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Chapters
Prolog
Chapter 1
Chapter 2
Chapter 3
Chapter 4
Chapter 5
Chapter 6
Chapter 7
Chapter 8
Chapter 9
Chapter 10
Chapter 11
Chapter 12
Chapter 13
Chapter 14
Chapter 15
Chapter 16
Chapter 17
Chapter 18
Chapter 19
Chapter 20
Chapter 21
Chapter 22
Chapter 23
Chapter 24
Chapter 25
Chapter 26
Chapter 27
Chapter 28
Chapter 29
Chapter 30
Epilog
 
 
 

Paradox Law - REVIEW THIS STORY

Written by Valerie Jones
Last updated: 03/23/2007 01:26:56 AM

Chapter 2

Jean turned at the sound of the door sliding aside behind her. The hiss of the control room door was as familiar to her as her own image in the mirror. It had been a part of her life for almost as long. She turned to look, craning her head to see past the people that were crowded into the small room that day. She was both surprised and pleased to see the Governor step through.

The Governor of New York was a handsome woman in her early forties. She had been a surprising victor in the past gubernatorial race, not particularly because she was a woman, but because she was a mutant. Only the second to be elected to Governorship in the history of the United States. In the two years she had held the position, her popularity had swelled from the bare majority that had given her the job to an overwhelming seventy-six percent, according to the latest polls Jean had seen.

The Governor stopped to greet several in the room, more often than not with an enthusiastic hug that was part of the glowing charm that had won so many to her side. Eventually, she found her way to Jean, and the empty seat that Jean had saved for her. She dropped into the padded chair with a sigh and smile for her long-time friend.

"Hi, sugah."

"Hi, Rogue. Howís politics?"

Rogue chuckled. "Same as always, hon." She straightened in her chair to peer down into the danger room. "Ah donít see Cody."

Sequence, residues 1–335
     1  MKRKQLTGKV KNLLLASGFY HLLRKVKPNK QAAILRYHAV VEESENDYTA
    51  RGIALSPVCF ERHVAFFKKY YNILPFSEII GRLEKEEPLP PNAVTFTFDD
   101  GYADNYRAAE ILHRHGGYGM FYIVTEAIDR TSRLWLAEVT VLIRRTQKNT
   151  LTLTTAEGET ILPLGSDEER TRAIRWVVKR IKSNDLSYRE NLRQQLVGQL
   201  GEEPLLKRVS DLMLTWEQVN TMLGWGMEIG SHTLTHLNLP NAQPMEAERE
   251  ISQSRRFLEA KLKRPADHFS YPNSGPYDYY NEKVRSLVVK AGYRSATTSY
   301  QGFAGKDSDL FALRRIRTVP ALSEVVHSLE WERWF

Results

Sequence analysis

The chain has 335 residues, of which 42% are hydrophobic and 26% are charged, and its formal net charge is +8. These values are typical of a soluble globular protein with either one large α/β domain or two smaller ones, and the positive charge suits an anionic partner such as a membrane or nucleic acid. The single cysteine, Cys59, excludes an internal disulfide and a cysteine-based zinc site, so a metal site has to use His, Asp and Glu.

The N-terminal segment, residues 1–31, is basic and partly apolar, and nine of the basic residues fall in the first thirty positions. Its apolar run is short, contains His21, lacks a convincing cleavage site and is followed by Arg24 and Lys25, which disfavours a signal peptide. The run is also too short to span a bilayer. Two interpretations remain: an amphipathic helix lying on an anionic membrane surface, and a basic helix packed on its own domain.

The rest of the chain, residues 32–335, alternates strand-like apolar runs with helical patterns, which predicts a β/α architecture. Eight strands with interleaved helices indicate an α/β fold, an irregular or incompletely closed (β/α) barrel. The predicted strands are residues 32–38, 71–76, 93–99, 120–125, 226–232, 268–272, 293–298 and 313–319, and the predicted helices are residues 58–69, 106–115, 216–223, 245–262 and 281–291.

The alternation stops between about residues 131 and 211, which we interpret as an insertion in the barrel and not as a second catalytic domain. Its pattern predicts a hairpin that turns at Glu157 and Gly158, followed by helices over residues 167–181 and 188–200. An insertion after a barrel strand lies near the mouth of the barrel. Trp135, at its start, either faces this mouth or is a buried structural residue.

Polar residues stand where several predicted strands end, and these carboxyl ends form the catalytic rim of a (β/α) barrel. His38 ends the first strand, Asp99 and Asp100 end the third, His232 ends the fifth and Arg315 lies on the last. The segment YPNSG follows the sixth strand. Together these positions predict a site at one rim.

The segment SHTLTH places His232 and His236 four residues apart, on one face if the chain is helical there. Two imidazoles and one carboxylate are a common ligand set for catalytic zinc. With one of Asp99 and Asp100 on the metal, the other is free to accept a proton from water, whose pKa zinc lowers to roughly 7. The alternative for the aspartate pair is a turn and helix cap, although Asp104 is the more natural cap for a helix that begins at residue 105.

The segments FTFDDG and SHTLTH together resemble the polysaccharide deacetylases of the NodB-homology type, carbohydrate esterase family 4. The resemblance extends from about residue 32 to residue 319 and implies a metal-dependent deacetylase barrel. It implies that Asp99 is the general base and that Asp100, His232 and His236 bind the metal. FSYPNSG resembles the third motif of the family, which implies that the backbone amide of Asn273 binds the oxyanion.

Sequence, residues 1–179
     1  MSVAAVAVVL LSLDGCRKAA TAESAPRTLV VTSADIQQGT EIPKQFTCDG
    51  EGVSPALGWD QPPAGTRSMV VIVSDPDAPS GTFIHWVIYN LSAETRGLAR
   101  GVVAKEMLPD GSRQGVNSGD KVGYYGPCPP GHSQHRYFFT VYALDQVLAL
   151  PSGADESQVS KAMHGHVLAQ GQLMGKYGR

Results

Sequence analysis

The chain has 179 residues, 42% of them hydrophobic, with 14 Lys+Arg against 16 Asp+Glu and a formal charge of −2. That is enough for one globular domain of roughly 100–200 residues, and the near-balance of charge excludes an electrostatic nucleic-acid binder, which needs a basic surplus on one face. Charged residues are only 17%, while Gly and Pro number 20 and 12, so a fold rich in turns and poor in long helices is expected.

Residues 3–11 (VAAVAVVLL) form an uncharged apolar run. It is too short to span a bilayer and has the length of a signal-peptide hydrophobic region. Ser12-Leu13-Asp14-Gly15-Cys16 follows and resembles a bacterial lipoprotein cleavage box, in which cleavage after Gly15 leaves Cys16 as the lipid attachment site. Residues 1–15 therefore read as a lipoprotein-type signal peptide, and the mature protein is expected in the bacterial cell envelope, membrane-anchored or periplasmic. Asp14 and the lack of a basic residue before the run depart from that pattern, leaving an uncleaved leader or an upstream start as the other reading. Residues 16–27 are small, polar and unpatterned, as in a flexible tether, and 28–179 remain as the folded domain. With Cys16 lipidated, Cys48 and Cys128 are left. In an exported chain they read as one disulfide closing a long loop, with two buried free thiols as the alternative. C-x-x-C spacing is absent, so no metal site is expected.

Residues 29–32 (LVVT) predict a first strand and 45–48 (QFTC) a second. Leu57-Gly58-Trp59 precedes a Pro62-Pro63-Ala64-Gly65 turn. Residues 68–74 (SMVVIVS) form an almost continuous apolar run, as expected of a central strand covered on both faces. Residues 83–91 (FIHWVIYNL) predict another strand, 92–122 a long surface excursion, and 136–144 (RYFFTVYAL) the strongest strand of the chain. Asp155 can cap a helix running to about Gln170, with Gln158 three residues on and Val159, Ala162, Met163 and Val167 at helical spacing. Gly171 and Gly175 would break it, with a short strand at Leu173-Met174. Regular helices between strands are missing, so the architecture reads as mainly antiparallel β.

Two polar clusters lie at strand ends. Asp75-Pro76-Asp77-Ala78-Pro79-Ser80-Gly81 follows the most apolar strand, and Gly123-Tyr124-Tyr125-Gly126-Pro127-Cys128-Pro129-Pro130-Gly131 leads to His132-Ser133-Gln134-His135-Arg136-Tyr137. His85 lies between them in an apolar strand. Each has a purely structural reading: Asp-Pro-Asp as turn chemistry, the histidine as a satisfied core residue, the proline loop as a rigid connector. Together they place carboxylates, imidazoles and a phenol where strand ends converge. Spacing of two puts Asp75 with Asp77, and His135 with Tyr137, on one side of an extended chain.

There were currently six young men and women standing in the center of the cavernous metal room. They were gathered into a small knot of impatience as they waited for the two yet to arrive.

"He went to get Remi." Jean made room beside her place at the console for Brian to weasel his way in. Brian was ten, and, like all of the younger children, fascinated by the powers he, too, would eventually inherit. He stood on tiptoe to look down into the danger room. His red hair was buzzed short for the summer, and Jean resisted the impulse to run her hand across it.

Rogue was staring absently into space, her expression wistful. Jean didnít need to guess who she was thinking about. But before she could speak, Rogue turned to her, gaze still distant.

"Heís what, fifteen, now?" She nodded to herself. "Cody and Renee are sixteen, so thatís right."

Jean reached over to take her hand. "It must be hard."

Rogue came back to herself with a start. Then she sighed and squeezed Jeanís hand. "It is, sugah. Ah was fine Ďtil he started ta grow up." She smiled sheepishly. "Ah shouldnít complain. Ah knew what ah was gettiní when ah married him. Aní ah nevah thought ahíd keep the children." Her smile softened and she looked back down into the danger room. "Ah canít believe mah babies are growiní up."

Jean chuckled. "Seems like only yesterday, doesnít it? Can you believe Rachel asked for Excalibur? Sheís already packed for England."

"Sheís that sure sheíll get the slot, huh?" Rogue glanced slyly at Jean, who managed to meet her gaze squarely. The eldest Summers was well known for her brazen confidence. She and Remi were a matched pair, in that respect. Despite the difference in their ages, they managed to find a tremendous amount of trouble to get into. Not that Cody and Renee didnít help. Jean smiled. But the twins were a little more thoughtful of the consequences of their actions. Rogue had raised them well. It was another of those things that had made her such a success at the polls. A widow raising her children alone, who nonetheless had time to volunteer for hospitals and childrenís charities. She had won a tremendous amount of respect from the community before she ever began working on Governor Caldwellís campaign. Jean studied her friend. There was nothing left of the shy, insecure young girl who had first joined them. Nor even of the lonely, tortured young woman who had been so convinced that no one could love her. Jean could think of no better example of the success of the Dream.